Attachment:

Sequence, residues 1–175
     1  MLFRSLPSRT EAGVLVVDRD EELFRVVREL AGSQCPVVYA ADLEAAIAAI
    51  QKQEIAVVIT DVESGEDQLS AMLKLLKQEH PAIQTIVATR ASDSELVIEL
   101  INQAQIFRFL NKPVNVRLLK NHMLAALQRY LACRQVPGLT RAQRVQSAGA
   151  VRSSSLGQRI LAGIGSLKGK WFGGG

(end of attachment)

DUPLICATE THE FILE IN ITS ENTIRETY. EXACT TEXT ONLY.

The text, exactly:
Sequence, residues 1–175
     1  MLFRSLPSRT EAGVLVVDRD EELFRVVREL AGSQCPVVYA ADLEAAIAAI
    51  QKQEIAVVIT DVESGEDQLS AMLKLLKQEH PAIQTIVATR ASDSELVIEL
   101  INQAQIFRFL NKPVNVRLLK NHMLAALQRY LACRQVPGLT RAQRVQSAGA
   151  VRSSSLGQRI LAGIGSLKGK WFGGG